Kicking off the second week of Ultimate Decades Blogathon is Sally Silverscreen of 18 Cinema Lane with her pick of 1971’s horror comedy The Abominable Dr. Phibes. 18 Cinema Lane is a fun movie blog where it offers a variety of movie reviews and movie news but also has a focus on Hallmark movies. Just like the pick for the blogathon is unique, there will always be something new to discover on 18 Cinema Lane as well. When you finish this review, remember to head over to her blog and check it out HERE.


Take 3: The Abominable Dr. Phibes (1971)

The Abominable Dr. Phibes was recommended by one of my readers named Michael. When I found out the movie was considered a horror-comedy, I thought it’d be a perfect entry for MovieRob’s Genre Grandeur, as horror-comedies are the theme for February. Then I discovered the film was released in 1971. Because Kim and Drew, from Tranquil Dreams and Drew’s Movie Reviews, are hosting the 6th Annual Ultimate Decades Blogathon, where the subject is movies premiering in years ending in 1, I decided to review The Abominable Dr. Phibes for both blogathons! As of early 2021, this is the fifth film of Vincent Price’s I’ve seen and written about. Most of these movies have either belonged in the horror genre or have been mysterious in nature. With The Abominable Dr. Phibes, this will be a little different, as part of the story is a comedy. Out of the movies of Vincent’s I have seen, none of them have featured a large amount of humor. So, by choosing this film for the aforementioned blogathons, I am given an opportunity to see Vincent work with slightly different material!

Things I liked about the film:

The mystery: In horror movies, there is usually a mysterious element that can come in a variety of forms. One of these forms is a mystery. Throughout The Abominable Dr. Phibes, the detectives at Scotland Yard are attempting to figure out why several doctors in their neighborhood are dying of mysterious causes. The way the mystery is presented allows the audience to solve it alongside the characters. This presents the idea of the audience sharing an experience with the detectives in the film. Even though we see what is making these doctors die, it doesn’t take away from the intrigue of the mystery. In fact, it keeps the audience invested in what is about to happen next. Seeing how all the pieces of the story connected was interesting to see. It definitely kept my attention as I watched the film!

The craftmanship: There were several items in this movie that caught my eye due to their quality and artistry. A frog mask is just one example. The head covering mask is covered in three different shades of green, allowing it to shine from many different angles. Gold piping can also be found on the mask, assisting in distinguishing its shape. Jewels add finishing touches as the mask features gold gems around the frog’s eyes and an emerald clasp in the back. Dr. Phibes’ mask also boasts incredible craftsmanship! The eye covering mask is shaped like a bird and is coated in shiny shades of green, bronze, and gold. Both masks were two of the beautiful I’ve ever seen!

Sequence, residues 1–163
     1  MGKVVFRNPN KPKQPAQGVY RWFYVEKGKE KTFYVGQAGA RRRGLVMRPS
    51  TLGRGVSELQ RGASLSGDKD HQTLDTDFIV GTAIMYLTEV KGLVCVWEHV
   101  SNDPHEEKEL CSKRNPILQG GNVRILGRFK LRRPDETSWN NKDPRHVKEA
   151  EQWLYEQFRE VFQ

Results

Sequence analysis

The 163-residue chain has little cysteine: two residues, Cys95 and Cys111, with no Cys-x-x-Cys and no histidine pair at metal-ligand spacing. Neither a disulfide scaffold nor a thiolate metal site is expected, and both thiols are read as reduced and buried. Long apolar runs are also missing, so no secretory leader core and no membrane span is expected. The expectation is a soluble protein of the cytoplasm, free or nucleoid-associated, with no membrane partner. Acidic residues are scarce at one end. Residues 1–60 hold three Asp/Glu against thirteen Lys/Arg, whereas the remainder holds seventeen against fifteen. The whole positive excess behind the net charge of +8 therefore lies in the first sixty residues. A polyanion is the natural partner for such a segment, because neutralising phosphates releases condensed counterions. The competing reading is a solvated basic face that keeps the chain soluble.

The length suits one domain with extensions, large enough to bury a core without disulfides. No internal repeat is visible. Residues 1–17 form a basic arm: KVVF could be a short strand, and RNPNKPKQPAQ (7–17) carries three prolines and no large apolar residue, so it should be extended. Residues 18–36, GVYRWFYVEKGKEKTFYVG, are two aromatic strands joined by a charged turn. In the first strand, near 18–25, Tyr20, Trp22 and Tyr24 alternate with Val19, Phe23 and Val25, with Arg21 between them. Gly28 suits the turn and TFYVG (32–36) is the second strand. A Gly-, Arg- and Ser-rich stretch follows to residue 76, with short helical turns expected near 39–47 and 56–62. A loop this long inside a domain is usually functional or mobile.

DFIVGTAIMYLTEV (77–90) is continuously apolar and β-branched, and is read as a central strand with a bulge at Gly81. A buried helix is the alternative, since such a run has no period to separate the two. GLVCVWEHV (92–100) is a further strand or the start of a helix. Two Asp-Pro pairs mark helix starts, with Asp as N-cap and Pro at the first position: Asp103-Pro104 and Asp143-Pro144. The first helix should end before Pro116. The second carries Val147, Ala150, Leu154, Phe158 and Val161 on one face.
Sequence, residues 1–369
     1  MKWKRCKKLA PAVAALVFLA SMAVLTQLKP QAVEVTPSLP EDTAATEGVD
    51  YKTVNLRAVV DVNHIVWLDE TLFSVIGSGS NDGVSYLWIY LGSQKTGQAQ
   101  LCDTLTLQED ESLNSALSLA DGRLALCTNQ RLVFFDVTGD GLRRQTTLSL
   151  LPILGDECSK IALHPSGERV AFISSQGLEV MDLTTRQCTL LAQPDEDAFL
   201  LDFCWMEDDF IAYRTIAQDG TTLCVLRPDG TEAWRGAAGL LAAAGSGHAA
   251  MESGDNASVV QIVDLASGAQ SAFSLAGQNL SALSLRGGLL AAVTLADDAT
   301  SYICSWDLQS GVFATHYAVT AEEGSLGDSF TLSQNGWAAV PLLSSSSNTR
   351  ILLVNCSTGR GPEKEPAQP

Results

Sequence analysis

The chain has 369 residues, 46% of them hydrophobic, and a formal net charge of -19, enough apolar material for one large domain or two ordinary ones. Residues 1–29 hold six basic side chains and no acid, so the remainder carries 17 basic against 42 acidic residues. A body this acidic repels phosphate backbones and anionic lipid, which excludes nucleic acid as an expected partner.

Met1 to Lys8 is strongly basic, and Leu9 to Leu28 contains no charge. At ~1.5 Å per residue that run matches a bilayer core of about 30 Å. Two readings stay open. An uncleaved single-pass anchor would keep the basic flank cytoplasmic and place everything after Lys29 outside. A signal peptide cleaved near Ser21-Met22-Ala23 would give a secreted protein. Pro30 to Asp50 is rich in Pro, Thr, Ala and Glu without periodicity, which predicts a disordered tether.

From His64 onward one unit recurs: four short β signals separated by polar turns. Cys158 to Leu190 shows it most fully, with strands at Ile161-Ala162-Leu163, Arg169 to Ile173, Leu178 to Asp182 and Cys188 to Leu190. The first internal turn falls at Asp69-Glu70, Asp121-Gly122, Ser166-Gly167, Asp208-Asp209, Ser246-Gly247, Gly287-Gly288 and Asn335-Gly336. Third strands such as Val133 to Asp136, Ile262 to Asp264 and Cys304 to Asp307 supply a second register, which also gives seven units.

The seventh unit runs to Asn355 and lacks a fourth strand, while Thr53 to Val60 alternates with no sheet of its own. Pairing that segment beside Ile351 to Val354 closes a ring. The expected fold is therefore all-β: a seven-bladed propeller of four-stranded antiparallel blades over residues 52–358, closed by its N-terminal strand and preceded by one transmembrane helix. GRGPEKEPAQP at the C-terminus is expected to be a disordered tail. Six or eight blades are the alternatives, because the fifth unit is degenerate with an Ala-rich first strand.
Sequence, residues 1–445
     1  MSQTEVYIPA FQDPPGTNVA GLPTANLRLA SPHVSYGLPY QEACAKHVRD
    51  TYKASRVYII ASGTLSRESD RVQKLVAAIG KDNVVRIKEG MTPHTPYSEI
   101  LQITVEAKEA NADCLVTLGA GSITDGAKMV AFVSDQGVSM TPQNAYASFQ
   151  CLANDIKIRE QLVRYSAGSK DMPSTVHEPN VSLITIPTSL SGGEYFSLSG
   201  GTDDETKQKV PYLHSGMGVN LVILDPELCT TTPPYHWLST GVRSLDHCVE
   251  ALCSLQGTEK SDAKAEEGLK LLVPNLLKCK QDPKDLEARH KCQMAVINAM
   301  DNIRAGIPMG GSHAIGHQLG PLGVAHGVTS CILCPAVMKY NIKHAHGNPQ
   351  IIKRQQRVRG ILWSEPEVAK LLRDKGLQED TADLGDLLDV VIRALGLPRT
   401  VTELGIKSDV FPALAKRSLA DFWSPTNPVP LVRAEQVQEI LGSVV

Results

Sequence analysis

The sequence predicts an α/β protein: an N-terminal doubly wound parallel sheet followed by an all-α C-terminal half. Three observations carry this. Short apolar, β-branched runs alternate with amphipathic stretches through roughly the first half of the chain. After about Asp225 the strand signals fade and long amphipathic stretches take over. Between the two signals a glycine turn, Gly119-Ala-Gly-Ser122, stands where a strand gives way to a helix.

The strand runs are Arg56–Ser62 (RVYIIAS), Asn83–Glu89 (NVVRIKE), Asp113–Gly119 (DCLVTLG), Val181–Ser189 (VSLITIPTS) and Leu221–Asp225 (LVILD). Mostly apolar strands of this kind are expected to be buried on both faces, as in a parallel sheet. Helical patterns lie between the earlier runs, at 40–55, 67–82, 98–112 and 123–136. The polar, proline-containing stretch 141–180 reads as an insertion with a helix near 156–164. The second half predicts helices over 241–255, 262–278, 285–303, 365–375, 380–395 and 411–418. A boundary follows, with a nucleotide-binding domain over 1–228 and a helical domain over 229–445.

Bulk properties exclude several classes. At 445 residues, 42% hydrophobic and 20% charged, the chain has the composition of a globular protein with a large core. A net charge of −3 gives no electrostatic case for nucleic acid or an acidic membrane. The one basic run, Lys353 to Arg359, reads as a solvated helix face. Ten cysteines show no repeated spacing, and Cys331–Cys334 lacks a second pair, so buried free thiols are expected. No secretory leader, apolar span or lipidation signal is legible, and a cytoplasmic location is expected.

The set design: The Abominable Dr. Phibes features several interesting set designs that are worth noting. Despite Dr. Phibe’s house only being shown at night and only part of its exterior could be seen, it was a magnificent structure! Its Victorian style brightened the night with its white frames and cherry wood doors. The house features a grand white marble staircase paired beautifully with chandeliers and crystal sconces. I wish more scenes had taken place by this staircase, as it is an impressive part of Dr. Phibes’ residence! Other locations in the story also displayed memorable set designs.  Dr. Vesalius’ apartment is a great example. Near the front door is a curved, frosted window. The door itself was covered in a light and dark wood that ending up complimenting the faded yellow walls. This location looked reflective of the late ‘60s to early ‘70s due to its color scheme and furniture selections.

What I didn’t like about the film:

The underutilization of Vincent Price: As I said in my introduction, this is the fifth film of Vincent Price’s I’ve seen. Therefore, I, as an audience member, know what he is capable of, talent wise. Despite being the top billed actor in The Abominable Dr. Phibes, Vincent wasn’t given much material to work with. He didn’t have any speaking lines in this movie. While there is an explanation given within the story, the only time we hear Vincent’s iconic voice is through recordings. It also doesn’t help that the different ways Dr. Phibes went after his victims overshadows Vincent’s performance. The more I think about it, the more I wonder if the creative team behind this film cast Vincent Price simply to get more people to see the movie?

Weak on comedy: The Abominable Dr. Phibes is classified as a horror-comedy. When I made this discovery, I was expecting the movie to be more like Young Frankenstein. Even though there were a few times I found myself giggling, the film didn’t contain much humor. The Abominable Dr. Phibes relies more on the horror genre. It also contains a mystery within the overall plot, which would make it a horror-mystery. I felt misled after these reveals.

Depiction of demises partially used for shock value: Strictly from a story-telling perspective, it was interesting to see how Dr. Phibes carried out his plan. But when the plan is put into practice, the depiction of his victims’ demises comes across as more gross than scary. Within a segment of the story involving rats, there was a brief shot of a rat chewing on what looks like a bloody bone. I won’t spoil The Abominable Dr. Phibes, in case any of my readers haven’t seen it. But parts of the film like the one I described feels like the movie’s creative team just wanted to shock their audience.

My overall impression: